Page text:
- Theaters of the Real
Theater, like other arts, often seeks to imitate reality, to present life as it is, to be—for lack of a better word—real.
For many reasons, however, reality in the theater is a particularly troubling ideal. First and foremost, what counts as a good representation of reality changes over time. Secondly, realism, the particular style that most contemporary media claim when they are “realistic,” was born in the nineteenth century and was and is a highly contested category. Third, and perhaps most importantly, theater is always in some sense real in ways that most other art forms are not: theater really presents real bodies in real space and real time. This course considers theater and its relationship to what we might call “the real.” Our focus is on how theater has represented reality, particularly since the rise of realism in the 1880s and 1890s. We will insist, first and foremost, that realism is a style with a specific history and a set of evolving, but essential practices that produce its effects. But we will also struggle with the distance between realism and reality, with theater’s phenomenological reality, and with the many non-realist theaters that nonetheless purport to present real life. In short, we aim to understand why and how—in production practices, acting techniques, narrative forms, and more—people attempt to stage the real. Taught at Columbia University
- American Plays and Musicals, 1940–Present
Cultural education usually occurs piecemeal: a novel from this period, a poem from that. Cultural works are not, however, truly isolated from each other, but rather appear as artifacts of cultural systems. This course uses cultural works to understand a single cultural system: Broadway since 1940. Comparative analyses of musical and non-musical plays will illuminate how Broadway has changed over the past seventy-five years. We will attend to economic, social, technological, and other transformations in how Broadway makes, markets, and measures its shows. Through our explorations of some of those shows, we will grasp the system’s effects on major dramaturgical strategies including approaches to plot, characterization, and staging. The course thus simultaneously surveys major works of the commercial American theater, narrates a history of Broadway since 1940, and models how to think about the relationship between that history of the Broadway system and the works it produces. Taught at Columbia University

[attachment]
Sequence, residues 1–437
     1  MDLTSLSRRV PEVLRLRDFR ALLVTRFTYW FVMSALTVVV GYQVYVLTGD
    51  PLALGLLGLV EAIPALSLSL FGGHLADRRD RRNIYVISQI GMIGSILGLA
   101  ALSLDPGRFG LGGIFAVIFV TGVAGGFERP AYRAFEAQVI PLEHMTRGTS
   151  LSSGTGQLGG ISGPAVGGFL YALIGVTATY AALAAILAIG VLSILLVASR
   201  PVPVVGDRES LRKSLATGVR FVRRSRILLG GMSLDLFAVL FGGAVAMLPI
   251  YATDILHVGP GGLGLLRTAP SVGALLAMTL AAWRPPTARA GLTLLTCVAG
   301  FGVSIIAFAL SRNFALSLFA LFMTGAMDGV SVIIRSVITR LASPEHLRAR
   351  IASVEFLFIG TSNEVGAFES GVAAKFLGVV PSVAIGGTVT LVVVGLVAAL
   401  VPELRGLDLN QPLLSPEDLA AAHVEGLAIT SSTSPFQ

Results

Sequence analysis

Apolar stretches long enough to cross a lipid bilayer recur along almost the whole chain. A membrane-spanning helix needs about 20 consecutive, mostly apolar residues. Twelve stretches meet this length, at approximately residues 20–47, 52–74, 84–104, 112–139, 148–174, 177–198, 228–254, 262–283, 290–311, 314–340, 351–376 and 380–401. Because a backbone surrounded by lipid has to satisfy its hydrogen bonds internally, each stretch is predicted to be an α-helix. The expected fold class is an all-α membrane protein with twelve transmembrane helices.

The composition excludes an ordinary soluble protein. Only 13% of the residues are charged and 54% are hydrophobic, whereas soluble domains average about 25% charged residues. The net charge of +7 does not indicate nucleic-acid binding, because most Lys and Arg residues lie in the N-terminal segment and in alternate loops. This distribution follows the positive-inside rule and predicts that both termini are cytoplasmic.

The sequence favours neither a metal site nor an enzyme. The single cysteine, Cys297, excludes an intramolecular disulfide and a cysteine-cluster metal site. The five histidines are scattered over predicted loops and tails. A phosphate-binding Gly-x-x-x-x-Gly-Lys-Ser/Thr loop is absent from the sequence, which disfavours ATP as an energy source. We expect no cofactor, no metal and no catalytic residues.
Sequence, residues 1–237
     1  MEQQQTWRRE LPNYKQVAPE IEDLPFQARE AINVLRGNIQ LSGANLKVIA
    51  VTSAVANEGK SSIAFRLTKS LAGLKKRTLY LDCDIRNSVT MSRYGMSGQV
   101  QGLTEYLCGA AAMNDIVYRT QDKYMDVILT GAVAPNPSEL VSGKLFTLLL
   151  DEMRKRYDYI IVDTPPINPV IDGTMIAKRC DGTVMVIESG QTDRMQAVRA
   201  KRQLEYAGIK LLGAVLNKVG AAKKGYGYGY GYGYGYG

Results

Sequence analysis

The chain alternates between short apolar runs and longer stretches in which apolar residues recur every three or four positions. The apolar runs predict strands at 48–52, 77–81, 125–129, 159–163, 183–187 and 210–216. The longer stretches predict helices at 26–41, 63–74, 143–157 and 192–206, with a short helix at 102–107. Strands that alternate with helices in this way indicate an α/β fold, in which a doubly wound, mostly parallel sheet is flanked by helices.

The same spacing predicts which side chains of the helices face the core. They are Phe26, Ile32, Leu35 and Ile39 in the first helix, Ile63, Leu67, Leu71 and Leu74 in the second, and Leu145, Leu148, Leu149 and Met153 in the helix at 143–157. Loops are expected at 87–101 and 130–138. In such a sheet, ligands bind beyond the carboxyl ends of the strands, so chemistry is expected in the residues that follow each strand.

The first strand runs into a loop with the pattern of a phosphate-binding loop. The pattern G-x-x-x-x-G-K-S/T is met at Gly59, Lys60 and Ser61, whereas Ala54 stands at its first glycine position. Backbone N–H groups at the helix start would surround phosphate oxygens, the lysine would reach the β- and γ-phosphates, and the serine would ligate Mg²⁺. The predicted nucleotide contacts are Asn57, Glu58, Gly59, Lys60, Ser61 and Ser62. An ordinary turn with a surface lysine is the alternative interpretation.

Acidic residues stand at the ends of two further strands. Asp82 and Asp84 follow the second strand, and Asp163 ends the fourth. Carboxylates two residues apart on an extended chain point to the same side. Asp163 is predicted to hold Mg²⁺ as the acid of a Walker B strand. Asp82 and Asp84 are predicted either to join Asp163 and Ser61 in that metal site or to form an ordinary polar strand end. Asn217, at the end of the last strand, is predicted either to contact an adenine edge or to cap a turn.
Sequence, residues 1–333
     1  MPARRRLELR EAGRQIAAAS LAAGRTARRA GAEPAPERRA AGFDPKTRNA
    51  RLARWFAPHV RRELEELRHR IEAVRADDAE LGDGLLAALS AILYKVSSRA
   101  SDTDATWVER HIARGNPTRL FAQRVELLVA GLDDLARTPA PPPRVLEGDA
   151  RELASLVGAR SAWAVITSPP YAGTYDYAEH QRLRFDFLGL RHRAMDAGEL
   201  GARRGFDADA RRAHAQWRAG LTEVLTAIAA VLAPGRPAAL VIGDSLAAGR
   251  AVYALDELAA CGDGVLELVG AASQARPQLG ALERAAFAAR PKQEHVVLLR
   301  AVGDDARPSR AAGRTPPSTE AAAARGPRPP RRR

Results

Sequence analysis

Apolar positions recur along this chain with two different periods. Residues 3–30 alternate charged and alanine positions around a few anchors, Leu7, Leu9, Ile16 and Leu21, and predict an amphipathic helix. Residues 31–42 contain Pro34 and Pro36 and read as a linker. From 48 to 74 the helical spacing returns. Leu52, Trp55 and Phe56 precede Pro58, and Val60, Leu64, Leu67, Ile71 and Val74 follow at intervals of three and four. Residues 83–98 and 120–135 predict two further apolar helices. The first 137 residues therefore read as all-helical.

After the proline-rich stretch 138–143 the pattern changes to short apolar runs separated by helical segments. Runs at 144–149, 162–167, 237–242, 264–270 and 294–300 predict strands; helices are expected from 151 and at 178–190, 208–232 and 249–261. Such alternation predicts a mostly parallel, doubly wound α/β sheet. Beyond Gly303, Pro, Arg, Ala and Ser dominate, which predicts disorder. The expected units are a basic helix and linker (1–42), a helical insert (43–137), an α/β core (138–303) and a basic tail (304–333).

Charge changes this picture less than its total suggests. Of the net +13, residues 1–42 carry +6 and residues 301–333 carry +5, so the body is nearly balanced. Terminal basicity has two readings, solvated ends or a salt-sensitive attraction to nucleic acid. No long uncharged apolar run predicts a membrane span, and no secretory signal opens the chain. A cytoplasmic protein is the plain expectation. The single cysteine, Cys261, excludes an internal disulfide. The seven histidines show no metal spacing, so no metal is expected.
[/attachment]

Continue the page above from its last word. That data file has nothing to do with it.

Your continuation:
- American Plays and Musicals, 1940–1960
Recent musical theater scholarship has investigated fruitfully the genre’s musical, economic, and socio-political contexts. Such studies have not, however, reflected sufficiently on the musical’s theatrical context. This lecture course places the mid-century American musical in conversation with contemporaneous non-musical plays. We will develop a methodology for the integrated study of a moment in theatrical time and place: Broadway, during and following World War II. Our hypothesis is that these side-by-side encounters will illuminate the plays’ dramaturgical strategies, including approaches to plot, characterization, and staging.
- Theater, Dance & Media: What It Is & How to Do It